(July 14, 2022 / Israel Hayom) Sami prepares his special tea mixture for the tourists that pass his market stand, located at the end of one of the long alleyways on the outskirts of Bethlehem. Merchants in the Old City stand at their storefronts, desperate for customers. After two years of COVID, the local businesses still haven’t recovered, nor has the city’s tourism industry.
The residents of Bethlehem’s daily concerns focus on making a living and their lack of financial stability. U.S. President Joe Biden’s visit to the city is of little interest; some of the locals haven’t even heard about it.
“American presidents come and go, and we stay,” says Sami, holding a tray with cups of tea on it.
“People have already stopped dreaming big or believing promises. We live our lives as they are. The reality hasn’t changed, and there’s no reason to think that a visit by one national leader or another will get things moving,” he adds.
The closer one gets to the Church of the Nativity, Bethlehem seems busier, and Palestinian Authority security forces are present in the made business areas, where families and children stroll among the stands on the main plaza, enjoying ice-cream cones.
A man selling roasted corn calls out to passers-by that he has “flavored corn” in cups of different sizes. “Five shekels [$1.45] for a medium cup,” he says. The corn seller doesn’t have much to say about Biden’s visit other than “OK, he’s coming.”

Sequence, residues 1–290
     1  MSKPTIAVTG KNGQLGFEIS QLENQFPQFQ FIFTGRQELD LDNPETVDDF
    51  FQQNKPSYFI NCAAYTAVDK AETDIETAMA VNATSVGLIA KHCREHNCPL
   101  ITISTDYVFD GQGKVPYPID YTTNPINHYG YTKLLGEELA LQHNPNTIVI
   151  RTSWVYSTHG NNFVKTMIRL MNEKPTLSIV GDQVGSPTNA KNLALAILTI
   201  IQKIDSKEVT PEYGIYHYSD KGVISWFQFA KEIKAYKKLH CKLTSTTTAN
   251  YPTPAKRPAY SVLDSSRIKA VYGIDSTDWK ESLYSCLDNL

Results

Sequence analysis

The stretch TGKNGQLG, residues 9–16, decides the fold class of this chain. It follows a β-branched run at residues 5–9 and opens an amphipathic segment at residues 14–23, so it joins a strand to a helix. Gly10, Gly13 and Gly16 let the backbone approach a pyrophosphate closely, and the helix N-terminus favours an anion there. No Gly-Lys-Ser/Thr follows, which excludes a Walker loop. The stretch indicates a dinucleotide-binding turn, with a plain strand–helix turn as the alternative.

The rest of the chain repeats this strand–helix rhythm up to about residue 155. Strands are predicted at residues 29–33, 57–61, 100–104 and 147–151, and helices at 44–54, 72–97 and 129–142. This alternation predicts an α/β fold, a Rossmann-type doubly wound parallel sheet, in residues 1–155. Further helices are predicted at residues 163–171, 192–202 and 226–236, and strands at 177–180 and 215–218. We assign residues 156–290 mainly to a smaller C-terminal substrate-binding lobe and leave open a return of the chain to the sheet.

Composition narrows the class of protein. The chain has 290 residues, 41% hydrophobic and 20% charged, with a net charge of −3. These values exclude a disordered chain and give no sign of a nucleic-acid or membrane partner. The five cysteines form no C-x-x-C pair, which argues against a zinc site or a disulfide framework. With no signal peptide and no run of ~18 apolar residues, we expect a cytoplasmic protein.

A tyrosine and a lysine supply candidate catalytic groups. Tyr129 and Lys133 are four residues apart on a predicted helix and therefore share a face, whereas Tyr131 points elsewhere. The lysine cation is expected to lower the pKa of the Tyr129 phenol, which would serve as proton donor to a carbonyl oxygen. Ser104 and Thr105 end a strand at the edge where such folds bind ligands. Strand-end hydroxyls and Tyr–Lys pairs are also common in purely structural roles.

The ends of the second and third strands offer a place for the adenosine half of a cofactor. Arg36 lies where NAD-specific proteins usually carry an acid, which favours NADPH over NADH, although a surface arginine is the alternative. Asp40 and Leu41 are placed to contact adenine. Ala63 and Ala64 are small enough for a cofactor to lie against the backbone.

Further up the street are hawkers of souvenirs, who make their living mainly from tourism.
“Politicians just talk—it’s all blah, blah, blah, and the people don’t see anything from it. We don’t think about a Palestinian state or any of those things related to the peace process. What will President Biden do? After he leaves, will the situation here be any different?” one of the street vendors says bitterly.
“Biden is coming for the Israelis, not for us. He’s making a polite tourist visit to Bethlehem,” he adds.
Locals say that Biden’s scheduled visit with P.A. head Mahmoud Abbas will most likely take place in what they call the “conference palace” at the northern end of the city. A sign that reads, “Mr. President, this is apartheid,” has been put up at an intersection and local protesters, along with activists who oppose the P.A. regime—including members of the Tanzim, Fatah and Popular Front for the Liberation of Palestine—plan to demonstrate during the presidential visit.
Adel, who drives a yellow taxi parked a few feet away from where he is standing, has heard about Biden’s visit but gives the unmistakable impression that he is concerned with other things entirely.
“Tomorrow, we have a general strike by taxi drivers and public transportation. Everything is expensive. Gas prices are up, there are a lot of expenses, and it’s all on our backs,” he says while waiting for potential passengers.
This article first appeared in Israel Hayom.
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